Do you want to level up your English teaching? I’m sure you do! Then keep on reading for my top 10 ESL teacher mistakes and how to avoid them.
Top 10 ESL Teacher Mistakes and How to Fix Them
Check out this video for some of the classic English teacher mistakes, and some quick tips for how to avoid, or fix them.
#1: Taking Things Personally
Number one is taking things too personally. The solution: just keep in your mind that students always have a million different things going on, your class is maybe the least of their worries. Maybe they had a fight with their boyfriend or their parents, are getting divorce, or just whatever it is. They often have many other things going on, so if students are misbehaved in your class or grumpy or don’t want to participate, it sometimes has something to do with you, but likely not. So just keep that in mind and don’t take it too personally.
#2: Not Using a Lesson Plan
The second ESL teacher mistake is not having a lesson plan. I never go to class without at least a very basic lesson plan, so it can even just be as simple as a warm-up, kind of what language you’re going to teach, the grammar or vocabulary, and then some practice exercises. At least have those three three steps, plus maybe like a review or some homework to assign.
For example, check out this ESL Reading Lesson Plan Template.
#3 ESL Teacher Mistake: Being an Edu-Tainer
The third mistake that ESL teachers make is wanting to be the fun teacher. Everyone wants their students to really love them and think they’re funny and be their friend, but that’s actually quite a difficult road to go down. Once you kind of start having that reputation as that teacher, it’s hard to become a more serious teacher as long as you’re at that school.
And it’s also kind of exhausting, I think, if you always are on stage and just want to have fun and like make your students laugh. It’s fine if you’re having a good day and you’re kind of upbeat and feeling good, but if you’re not feeling great, that’s really tough to do on a consistent basis.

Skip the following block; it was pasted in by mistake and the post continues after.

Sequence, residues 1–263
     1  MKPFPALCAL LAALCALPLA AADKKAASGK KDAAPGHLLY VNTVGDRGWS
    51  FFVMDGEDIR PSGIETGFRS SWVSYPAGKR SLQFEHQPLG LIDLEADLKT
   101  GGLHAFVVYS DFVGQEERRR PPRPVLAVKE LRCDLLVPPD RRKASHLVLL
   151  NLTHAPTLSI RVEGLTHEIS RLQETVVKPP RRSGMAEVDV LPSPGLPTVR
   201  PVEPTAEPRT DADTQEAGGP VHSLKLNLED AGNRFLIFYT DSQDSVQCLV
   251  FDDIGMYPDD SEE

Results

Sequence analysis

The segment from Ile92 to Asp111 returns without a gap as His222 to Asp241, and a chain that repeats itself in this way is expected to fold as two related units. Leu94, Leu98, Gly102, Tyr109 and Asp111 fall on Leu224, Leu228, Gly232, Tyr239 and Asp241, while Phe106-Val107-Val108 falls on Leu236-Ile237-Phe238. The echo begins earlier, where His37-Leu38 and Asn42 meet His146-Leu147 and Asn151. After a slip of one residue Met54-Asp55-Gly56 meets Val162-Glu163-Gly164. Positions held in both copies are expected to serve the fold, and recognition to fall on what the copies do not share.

So the solution is to have some fun, but also realize that teaching and learning a language are serious things and it’s okay to be a little bit serious sometimes. So kind of start showing your students that there is a serious side to learning language as well.
#4: Going too Quickly
The fourth ESL teacher mistake is going too quickly. We’ve all been there. We we have an ESL textbook that we are given maybe by the school administration or parents or whoever and they expect us kind of just to power through that book over the course of a semester sometimes way too quickly. The result is students don’t actually learn that much. They learn a little bit of everything, but don’t really know anything deeply.
I try to combat this. I don’t often do every single little exercise on every single page in a textbook, but I’ll pick the highlights and then I’ll really focus on them. I’ll do practice exercises. I’ll do review. I’ll review in the next class and make sure that students know some things very, very well by the time they finish my class.
Some ideas here: ESL Review Activities and Games.
#5: Not Learning Names (or use name-tags)
The fifth teacher mistake that people make is not knowing names. If you don’t teach that many students, make an effort to get to know their names, even if you have to take pictures and kind of match them up with your class list and that kind of thing. If you have a lot of students, I suggest using name tags.
Get students to fold a piece of paper into three and then write their name on that and they can keep that on their desk every single time. It’s so much easier if someone isn’t paying attention, instead of saying, hey you over there, pay attention. You can say, hey Bob or hey Min-Gu, please pay attention and you can ask them a question by their name. It’s so much more effective.
#6 for ESL Teacher Mistakes: Not Remembering the Ultimate Goal
The sixth teacher mistake is not remembering the ultimate goal. Students are in your class for a reason. It could be as simple as their parents make them, or their University makes them take an English class. In that case, do your best, but then students have other goals. Maybe they want to pass an English interview, or they want to be able to understand English movies when they see them, or maybe they want to just have English speaking friends so whatever that is, keep that goal in mind and help your students achieve those goals.
#7: Not Using Graded Language